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HOUSTON (CW39) — It’s no secret millennials often face criticism from older generations. Millennials have been accused of killing department stores, cable tv, canned-tuna, and processed foods.

But there may be a glimmer of hope for this generation. According to a study published in the Journal of Quantitative Criminology, researchers have discovered that millennials commit less crime than prior generations. The age group born between 1946 and 1964, commonly known as baby boomers, was the most criminally active in modern history.

Crime has dropped since 1990. Research from the LBJ School of Public Affairs at The University of Texas at Austin suggests crime reduction efforts account for less than half of the crime drop since 1990 and essentially none of the crime drop since 2000.

Most attempts to find causes and solutions to crime are focused on current conditions. But researchers say current crime rates do not depend only on current conditions. Rather, crime rises and falls based on the life experiences and decisions of young children.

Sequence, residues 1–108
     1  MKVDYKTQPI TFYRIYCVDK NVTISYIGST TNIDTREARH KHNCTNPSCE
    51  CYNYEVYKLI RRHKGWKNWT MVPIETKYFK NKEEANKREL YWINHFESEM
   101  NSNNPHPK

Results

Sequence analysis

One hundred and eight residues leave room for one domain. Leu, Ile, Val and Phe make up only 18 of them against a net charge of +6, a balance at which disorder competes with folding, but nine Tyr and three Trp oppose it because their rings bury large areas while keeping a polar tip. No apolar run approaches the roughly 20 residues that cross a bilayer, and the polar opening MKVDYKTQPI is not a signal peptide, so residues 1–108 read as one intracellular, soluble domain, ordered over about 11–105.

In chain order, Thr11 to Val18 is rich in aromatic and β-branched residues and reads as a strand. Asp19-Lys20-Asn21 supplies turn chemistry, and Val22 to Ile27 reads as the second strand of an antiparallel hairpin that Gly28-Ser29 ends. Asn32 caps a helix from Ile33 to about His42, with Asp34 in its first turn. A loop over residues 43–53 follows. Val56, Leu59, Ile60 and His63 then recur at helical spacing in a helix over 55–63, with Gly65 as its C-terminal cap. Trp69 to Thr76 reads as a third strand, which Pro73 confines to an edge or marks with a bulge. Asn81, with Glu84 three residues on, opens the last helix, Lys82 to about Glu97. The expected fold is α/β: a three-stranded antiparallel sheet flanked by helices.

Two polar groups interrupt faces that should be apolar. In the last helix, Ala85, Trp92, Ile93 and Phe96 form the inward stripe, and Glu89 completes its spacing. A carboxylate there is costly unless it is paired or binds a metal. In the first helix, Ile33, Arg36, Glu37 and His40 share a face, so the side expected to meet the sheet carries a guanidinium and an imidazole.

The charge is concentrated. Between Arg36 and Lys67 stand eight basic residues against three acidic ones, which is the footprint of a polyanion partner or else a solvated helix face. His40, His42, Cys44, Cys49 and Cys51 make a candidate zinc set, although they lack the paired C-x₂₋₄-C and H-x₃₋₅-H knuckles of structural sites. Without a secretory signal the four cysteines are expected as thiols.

“Since criminal activity starts in the teens and peaks at about 18, this means improved conditions in childhood – families, neighborhoods, schools – were mostly responsible for the crime drop,” said Bill Spelman, a professor of public affairs at the LBJ School and author of the report. “The best way to reduce crime in the future is probably what caused it to drop in the first place: helping our families, neighborhoods and schools raise kids who are respectful of others and don’t need to steal to get by. It’s time we shifted focus from stopping bad guys to helping kids be good guys.”

In general, birth cohort, age and social and economic factors are about equally important in determining crime rates. Most crimes are committed by people ages 15-25, with criminal activity slowing or stopping entirely between the ages of 25 and 40, a pattern researchers call the age effect. 

In the study, researchers isolate the cohort effect: the relative criminal activity of people born in the same year. These cohorts also respond to age and period effects, so while most crime today is committed by people ages 15-25 year (millennials born between 1996 and 2006), millennials are still less criminally inclined than previous generations.